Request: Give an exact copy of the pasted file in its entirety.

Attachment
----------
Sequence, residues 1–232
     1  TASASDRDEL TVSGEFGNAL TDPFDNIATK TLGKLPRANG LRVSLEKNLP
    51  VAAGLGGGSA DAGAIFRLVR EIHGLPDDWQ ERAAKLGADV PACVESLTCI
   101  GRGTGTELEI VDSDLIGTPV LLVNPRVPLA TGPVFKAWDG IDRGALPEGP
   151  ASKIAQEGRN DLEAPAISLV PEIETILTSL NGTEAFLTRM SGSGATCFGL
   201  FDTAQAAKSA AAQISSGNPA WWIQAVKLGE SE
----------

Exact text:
Sequence, residues 1–232
     1  TASASDRDEL TVSGEFGNAL TDPFDNIATK TLGKLPRANG LRVSLEKNLP
    51  VAAGLGGGSA DAGAIFRLVR EIHGLPDDWQ ERAAKLGADV PACVESLTCI
   101  GRGTGTELEI VDSDLIGTPV LLVNPRVPLA TGPVFKAWDG IDRGALPEGP
   151  ASKIAQEGRN DLEAPAISLV PEIETILTSL NGTEAFLTRM SGSGATCFGL
   201  FDTAQAAKSA AAQISSGNPA WWIQAVKLGE SE